Literature on classroom management asserts that the best discipline is preventive, with studies on teacher variables such as empathy or enforcement of consequences, as well as student variables such as peers reporting positive behaviors with group contingencies, among others. However, there is little in the research that specifically targets regular classroom environments wherein large numbers of students simultaneously act out in highly frequent and disruptive ways as a large group, rather than just a few renegades.
Written from the perspective of a veteran teacher as an ethnographic self-study, this research describes the phenomenon of a highly disruptive, regular education primary student group as a whole and teacher interventions attempted to influence group behavioral trends. Conducted in a natural, ongoing context to strengthen external validity, the purpose of this research is to add to the literature on classroom management and effective teacher interventions specifically addressing large groups of disruptive students with high-needs. Data was collected over the course of one school year and strategies from grounded theory and constant comparative analysis were used to describe and analyze the types of teacher interventions most frequently employed to affect whole-group behavioral trends. Interventions were analyzed and interpreted using choice theory from the field of psychology and by revisiting humanistic classroom management models proposed by Marvin Marshall (1998; 2004) and Thomas Gordon (1981) and relevant research on selected interventions of peer leaders, student choice, and individual counsel. Research questions were: 1) Given a highly disruptive collective primary student group of 24, what interventions were employed most often by a veteran teacher in attempts to co-create a more effective learning environment? 2) What were their levels of efficacy?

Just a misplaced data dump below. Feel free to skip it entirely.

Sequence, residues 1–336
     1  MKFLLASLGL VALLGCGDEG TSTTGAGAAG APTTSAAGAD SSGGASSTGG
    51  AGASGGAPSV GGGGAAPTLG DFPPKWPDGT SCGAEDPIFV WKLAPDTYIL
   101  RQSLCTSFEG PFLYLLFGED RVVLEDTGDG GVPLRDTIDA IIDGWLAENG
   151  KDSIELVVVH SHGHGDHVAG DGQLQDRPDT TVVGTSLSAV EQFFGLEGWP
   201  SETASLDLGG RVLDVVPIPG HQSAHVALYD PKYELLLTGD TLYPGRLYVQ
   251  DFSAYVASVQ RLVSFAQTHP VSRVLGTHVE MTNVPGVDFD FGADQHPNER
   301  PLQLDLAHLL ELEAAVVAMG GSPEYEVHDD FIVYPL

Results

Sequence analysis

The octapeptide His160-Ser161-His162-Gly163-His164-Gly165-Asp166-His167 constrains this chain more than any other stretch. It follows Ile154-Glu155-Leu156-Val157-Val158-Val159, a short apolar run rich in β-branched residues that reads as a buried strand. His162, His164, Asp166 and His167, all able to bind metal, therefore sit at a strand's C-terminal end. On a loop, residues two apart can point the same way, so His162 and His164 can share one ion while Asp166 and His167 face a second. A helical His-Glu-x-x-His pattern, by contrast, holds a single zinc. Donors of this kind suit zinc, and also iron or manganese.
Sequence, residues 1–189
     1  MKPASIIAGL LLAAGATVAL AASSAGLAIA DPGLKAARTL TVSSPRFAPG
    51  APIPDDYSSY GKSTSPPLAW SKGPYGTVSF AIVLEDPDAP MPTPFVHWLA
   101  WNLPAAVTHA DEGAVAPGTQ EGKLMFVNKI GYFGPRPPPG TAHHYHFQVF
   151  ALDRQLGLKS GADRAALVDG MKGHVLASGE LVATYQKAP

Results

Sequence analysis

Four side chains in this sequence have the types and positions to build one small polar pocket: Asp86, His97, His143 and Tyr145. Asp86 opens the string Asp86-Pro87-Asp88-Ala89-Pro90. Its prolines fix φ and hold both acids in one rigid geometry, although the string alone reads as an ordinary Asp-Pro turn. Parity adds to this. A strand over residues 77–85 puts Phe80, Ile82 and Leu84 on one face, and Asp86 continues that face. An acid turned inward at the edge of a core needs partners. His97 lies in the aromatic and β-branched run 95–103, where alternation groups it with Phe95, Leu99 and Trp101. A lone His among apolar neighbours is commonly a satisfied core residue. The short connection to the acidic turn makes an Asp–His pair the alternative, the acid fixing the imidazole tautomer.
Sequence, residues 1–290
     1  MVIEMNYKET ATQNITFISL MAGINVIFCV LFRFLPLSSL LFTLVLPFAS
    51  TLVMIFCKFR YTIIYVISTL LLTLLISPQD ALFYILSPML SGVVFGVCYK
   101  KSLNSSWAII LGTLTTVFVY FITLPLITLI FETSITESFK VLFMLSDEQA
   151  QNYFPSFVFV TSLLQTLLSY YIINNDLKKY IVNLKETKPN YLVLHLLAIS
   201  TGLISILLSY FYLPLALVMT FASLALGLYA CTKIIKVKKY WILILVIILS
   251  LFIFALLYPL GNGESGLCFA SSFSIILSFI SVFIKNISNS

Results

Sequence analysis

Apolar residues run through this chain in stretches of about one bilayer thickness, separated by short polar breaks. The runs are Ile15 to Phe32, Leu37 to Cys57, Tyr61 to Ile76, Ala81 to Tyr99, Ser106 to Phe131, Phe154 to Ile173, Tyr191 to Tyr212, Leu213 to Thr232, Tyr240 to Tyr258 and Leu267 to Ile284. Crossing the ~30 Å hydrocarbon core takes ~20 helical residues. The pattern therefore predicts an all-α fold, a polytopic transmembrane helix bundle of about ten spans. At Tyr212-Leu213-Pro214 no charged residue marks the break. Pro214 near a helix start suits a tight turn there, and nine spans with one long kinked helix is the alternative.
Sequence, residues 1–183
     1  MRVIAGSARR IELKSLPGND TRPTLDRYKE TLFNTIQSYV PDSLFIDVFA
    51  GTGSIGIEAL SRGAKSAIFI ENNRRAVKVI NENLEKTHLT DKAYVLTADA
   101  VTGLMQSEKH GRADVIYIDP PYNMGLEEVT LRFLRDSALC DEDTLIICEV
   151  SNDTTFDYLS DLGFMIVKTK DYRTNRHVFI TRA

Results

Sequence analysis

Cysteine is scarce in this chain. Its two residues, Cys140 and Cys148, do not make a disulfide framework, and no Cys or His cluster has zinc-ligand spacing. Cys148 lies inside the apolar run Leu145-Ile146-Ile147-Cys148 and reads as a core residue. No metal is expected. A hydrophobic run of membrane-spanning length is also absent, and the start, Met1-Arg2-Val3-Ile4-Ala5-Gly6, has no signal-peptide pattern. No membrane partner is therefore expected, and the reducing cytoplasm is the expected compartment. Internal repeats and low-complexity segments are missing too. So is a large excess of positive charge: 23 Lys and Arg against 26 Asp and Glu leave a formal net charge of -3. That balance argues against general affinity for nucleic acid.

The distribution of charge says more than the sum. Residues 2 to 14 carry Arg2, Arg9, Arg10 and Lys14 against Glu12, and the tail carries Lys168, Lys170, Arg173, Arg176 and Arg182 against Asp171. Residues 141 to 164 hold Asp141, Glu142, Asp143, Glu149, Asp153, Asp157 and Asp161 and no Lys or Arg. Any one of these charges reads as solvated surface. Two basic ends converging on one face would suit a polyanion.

The four main findings were: 1) There was evidence of incremental progress sprinkled with regressions, yet the data supports that student behavior did improve overall, both collectively and individually. 2) Various interventions were often employed simultaneously among the twenty-four distinct intervention categories identified in the data. 3) One of the least effective interventions for this group of students was teaching social skills curriculum in a whole group situation, especially for those students most in need of learning social skills. 4) Among the most frequently referenced teacher intervention categories for this group of students were: 1) peer leaders; 2) student choice, and; 3) individual counsel. This study offers strong evidence of improvement in student behavior and of the integrative nature of multiple interventions. The preponderance of evidence supports the success of implementing humanistic theories of classroom management to meet student needs for belonging and acceptance, power, and freedom through democratic, collaborative interventions to improve student behavior.
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